Can enum constants be used as flags in C++?

Yes, enum constants can be used as flags in C++. This technique is known as “bit flags” or “flag enums.” By assigning different values to the enum constants using powers of 2, you can combine multiple enum values using bitwise operators such as OR (|) and AND (&). This allows you to represent combinations of options or states. Flag enums provide a concise and expressive way to work with multiple boolean conditions or options.

FAQ: What is the advantage of using enums over constants in C++?

Using enums over constants in C++ provides several advantages. Enums improve code readability by giving meaningful names to represent specific values, making the code more self-explanatory. They also help catch errors at compile-time by enforcing type safety. Enums make the code more maintainable because changes to the set of values only require modifying the enum definition instead of searching and replacing raw constants throughout the code. Additionally, enums provide better debugging support, as the symbolic names of enum constants can be displayed during runtime.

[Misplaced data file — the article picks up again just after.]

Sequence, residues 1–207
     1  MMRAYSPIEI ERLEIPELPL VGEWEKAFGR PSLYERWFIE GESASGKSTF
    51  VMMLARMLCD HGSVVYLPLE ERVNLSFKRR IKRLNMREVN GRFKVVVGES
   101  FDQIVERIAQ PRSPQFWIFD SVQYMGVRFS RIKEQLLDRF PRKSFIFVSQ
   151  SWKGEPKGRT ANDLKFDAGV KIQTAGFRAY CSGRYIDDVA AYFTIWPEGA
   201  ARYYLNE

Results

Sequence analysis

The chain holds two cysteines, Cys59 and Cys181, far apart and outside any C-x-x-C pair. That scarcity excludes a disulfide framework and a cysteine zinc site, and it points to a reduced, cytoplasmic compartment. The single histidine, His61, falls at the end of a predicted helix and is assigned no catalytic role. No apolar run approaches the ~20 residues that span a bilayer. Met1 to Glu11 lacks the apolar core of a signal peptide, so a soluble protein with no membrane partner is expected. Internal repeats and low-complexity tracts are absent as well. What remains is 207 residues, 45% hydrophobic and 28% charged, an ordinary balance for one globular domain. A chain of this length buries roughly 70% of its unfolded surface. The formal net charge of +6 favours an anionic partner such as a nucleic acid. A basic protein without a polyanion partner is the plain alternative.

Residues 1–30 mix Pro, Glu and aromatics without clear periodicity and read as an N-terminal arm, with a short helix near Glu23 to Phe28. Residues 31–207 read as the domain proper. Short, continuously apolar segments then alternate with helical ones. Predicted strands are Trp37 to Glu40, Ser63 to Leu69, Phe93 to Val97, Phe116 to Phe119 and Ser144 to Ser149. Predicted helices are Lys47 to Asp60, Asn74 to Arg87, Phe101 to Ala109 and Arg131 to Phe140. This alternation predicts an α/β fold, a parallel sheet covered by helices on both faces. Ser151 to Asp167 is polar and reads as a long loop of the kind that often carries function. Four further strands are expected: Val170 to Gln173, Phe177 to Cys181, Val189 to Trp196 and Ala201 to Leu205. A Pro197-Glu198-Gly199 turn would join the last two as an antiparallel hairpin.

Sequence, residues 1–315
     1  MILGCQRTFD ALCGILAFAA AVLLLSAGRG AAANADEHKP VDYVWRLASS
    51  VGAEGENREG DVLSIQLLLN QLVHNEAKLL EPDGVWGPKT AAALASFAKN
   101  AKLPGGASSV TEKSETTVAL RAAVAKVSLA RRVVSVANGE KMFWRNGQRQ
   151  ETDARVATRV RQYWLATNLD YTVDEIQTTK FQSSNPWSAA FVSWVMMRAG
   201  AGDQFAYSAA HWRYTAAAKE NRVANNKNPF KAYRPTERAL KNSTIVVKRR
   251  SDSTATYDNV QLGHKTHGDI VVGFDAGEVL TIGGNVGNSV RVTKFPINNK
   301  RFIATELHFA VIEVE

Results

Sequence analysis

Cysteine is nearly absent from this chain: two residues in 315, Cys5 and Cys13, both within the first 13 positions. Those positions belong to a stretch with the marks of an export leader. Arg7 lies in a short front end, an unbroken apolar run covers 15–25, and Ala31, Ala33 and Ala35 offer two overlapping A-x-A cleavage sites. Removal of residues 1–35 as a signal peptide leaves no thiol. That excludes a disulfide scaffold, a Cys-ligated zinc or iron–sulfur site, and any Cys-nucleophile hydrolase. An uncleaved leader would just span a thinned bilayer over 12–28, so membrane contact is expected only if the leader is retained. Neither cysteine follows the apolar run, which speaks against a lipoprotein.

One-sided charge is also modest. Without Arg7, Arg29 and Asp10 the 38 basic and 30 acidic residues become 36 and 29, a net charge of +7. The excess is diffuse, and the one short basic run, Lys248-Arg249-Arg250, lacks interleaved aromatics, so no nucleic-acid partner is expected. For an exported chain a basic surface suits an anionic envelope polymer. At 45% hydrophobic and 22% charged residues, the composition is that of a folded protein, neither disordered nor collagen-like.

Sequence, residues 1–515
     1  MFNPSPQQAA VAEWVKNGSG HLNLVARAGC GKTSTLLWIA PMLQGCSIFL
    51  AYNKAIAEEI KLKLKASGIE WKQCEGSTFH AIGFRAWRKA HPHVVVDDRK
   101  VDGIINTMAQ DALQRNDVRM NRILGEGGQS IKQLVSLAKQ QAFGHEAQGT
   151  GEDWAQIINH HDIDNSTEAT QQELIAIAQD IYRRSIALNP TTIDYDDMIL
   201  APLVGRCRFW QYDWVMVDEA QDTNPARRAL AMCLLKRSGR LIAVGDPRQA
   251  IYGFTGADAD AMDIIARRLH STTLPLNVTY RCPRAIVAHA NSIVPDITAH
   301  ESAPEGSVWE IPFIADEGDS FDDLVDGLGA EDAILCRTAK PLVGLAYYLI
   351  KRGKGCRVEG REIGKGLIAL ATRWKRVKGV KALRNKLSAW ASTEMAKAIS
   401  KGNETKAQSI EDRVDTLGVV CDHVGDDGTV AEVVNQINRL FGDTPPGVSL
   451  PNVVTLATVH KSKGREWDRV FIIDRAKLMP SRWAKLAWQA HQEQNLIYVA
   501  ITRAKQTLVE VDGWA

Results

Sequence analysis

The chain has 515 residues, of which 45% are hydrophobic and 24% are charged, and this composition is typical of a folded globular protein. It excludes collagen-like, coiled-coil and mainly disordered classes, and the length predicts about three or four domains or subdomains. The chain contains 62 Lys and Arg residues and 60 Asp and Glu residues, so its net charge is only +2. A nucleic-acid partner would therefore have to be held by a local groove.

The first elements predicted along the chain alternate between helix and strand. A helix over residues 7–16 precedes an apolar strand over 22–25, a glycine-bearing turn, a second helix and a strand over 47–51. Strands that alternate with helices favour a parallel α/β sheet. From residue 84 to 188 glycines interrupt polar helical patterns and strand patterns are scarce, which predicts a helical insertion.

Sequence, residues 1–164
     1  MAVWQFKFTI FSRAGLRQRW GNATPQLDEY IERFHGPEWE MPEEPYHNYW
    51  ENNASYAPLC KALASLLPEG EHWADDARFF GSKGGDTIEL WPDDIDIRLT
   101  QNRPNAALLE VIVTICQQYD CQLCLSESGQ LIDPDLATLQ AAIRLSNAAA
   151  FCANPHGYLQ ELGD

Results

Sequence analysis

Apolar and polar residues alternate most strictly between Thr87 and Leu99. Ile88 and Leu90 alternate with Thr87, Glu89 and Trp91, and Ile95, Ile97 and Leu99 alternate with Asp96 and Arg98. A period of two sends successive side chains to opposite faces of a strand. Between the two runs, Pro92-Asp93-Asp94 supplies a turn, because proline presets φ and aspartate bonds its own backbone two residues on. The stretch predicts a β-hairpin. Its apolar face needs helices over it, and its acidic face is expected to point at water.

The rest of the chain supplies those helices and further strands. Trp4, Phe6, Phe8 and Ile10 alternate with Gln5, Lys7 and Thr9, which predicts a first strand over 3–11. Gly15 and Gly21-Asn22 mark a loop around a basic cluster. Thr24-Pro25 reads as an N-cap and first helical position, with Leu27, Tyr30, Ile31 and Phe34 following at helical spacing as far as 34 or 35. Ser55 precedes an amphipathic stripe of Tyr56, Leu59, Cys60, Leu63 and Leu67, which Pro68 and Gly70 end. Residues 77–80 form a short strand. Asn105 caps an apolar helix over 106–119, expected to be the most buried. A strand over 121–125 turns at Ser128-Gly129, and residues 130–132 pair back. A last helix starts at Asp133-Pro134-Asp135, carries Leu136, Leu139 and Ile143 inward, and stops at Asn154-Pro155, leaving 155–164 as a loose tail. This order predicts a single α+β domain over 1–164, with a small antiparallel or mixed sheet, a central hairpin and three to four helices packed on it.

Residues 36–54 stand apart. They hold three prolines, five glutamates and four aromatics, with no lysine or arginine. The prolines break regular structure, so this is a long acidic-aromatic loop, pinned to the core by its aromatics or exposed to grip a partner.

Are enum types strongly typed in C++?

Yes, enum types in C++ are strongly typed. This means that enumerators of different enum types are treated as different types, even if they have the same underlying integral type. Strong typing helps prevent accidental assignment or comparison between different enum types, improving type safety and reducing potential programming errors.